It is not just large companies that become victims of cyberattacks, but small and medium-sized manufacturers and businesses who are often unprepared for the common types of attack. 43% of cyberattacks are targeted against small businesses.
In this featured article in the Spring 2021 issue of Enterprise Minnesota magazine, Scott Singer, President of CyberNINES, shares his experience of helping small and medium-sized manufacturers comply with Defense Federal Acquisition Regulation Supplement (DFARS).
“Our country’s supply chain is built on small business,” Singer says. “A lot of the ways people are trying to attack a Lockheed Martin or a BAE Systems or a Medtronic is through that supply chain where it’s not protected. It’s about, ‘How do I find a way into that larger company because I really want to get into them?’ So, it’s critically important that we protect that supply chain and help that small and medium business be secure.”
With the growing concern over national cybersecurity, the government is changing the way how it assesses the cybersecurity readiness of its supply chain. Recent SolarWinds’s incident shows the important role of each player in protecting sensitive government data. As of 30 November 2020, the Department of Defense (DoD) requires both primes and sub-contractors to submit their NIST SP 800-171 score to the Supplier Performance Risk System (SPRS), and enter a date by which they will become fully compliant. The concern that Scott shares in his interview with Enterprise Minnesota, is the rushed and not-serious approach taken by many companies about the new requirements. If you get audited, and your self-posted score differs from the score attested by the Defense Contract Management Agency (DCMA), you are at risk of losing any DoD awards or even go to jail.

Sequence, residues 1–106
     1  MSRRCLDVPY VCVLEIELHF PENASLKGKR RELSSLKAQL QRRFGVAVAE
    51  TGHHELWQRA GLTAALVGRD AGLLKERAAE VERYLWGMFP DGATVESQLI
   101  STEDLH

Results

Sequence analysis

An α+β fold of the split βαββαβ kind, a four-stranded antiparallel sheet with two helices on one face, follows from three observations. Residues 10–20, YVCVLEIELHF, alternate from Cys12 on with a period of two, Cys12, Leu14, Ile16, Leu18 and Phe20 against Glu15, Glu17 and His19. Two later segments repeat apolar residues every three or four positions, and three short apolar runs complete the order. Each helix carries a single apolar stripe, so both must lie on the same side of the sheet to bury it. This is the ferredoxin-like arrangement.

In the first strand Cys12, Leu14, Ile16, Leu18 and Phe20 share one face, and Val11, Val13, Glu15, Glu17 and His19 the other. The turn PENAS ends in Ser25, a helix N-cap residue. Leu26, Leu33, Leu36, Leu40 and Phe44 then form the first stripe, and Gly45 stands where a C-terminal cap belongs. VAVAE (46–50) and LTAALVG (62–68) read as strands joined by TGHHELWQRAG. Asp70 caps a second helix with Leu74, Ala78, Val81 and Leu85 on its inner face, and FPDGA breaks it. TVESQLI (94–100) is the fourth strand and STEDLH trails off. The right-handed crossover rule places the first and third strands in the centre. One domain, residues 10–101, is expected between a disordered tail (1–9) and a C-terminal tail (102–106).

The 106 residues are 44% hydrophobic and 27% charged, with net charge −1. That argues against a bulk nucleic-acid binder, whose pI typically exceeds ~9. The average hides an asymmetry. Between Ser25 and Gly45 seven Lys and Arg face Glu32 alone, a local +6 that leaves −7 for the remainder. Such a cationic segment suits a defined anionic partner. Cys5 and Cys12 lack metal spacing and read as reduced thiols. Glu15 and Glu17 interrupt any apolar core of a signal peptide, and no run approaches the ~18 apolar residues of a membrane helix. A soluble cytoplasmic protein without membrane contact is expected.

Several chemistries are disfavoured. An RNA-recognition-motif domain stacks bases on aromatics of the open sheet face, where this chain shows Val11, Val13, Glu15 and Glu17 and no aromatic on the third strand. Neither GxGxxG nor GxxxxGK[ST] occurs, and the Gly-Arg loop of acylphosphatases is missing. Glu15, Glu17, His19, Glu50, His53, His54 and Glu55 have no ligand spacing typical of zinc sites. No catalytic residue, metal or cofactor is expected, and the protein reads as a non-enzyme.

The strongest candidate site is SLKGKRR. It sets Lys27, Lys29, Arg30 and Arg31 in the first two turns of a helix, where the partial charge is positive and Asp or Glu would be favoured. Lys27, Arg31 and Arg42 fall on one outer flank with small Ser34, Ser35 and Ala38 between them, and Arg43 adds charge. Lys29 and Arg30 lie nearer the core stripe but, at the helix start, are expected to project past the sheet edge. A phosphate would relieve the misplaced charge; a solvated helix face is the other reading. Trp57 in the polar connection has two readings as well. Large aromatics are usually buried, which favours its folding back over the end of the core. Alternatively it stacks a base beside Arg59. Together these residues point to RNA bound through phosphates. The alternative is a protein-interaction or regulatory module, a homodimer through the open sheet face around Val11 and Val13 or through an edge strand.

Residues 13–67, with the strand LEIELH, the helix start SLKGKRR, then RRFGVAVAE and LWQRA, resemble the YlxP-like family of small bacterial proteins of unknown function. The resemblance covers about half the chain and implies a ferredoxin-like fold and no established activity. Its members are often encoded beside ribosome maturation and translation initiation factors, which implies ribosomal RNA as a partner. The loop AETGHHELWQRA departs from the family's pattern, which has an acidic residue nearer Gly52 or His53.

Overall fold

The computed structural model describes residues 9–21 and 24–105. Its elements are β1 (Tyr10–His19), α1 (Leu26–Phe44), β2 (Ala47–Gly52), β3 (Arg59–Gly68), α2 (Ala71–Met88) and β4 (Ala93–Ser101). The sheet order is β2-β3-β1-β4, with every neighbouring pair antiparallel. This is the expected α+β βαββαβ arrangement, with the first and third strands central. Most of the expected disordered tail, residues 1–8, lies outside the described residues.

“They’ll ask if you knowingly entered an incorrect score,” Singer says. “If there are any emails in your system that suggest you knew you weren’t in compliance but posted an incorrect score anyway, you’re subject to the False Claims Act. And that can take down your small business.”
And the new changes are still coming to the DoD supply chain. The Cybersecurity Maturity Model Certification which comes to effect on 01 October 2025 will require a third-party audit by C3PAO (Certified 3rd Party Assessment Organization). The level of your cybersecurity “maturity” will define which contract you can get.
There are many ways small and medium-sized manufacturers can start taking now on their own. Among them, is backing up your data. By having a really good backup process, companies can protect themselves from a ransomware attack. “I don’t want people to be paying ransoms because it perpetuates the business model,” Singer says in interview. “And if everybody keeps paying ransoms, then it’s not going to go away.”
Find this and other important tips and thought shared by cybersecurity experts in the Spring 2021 issue of Enterprise Minnesota magazine here.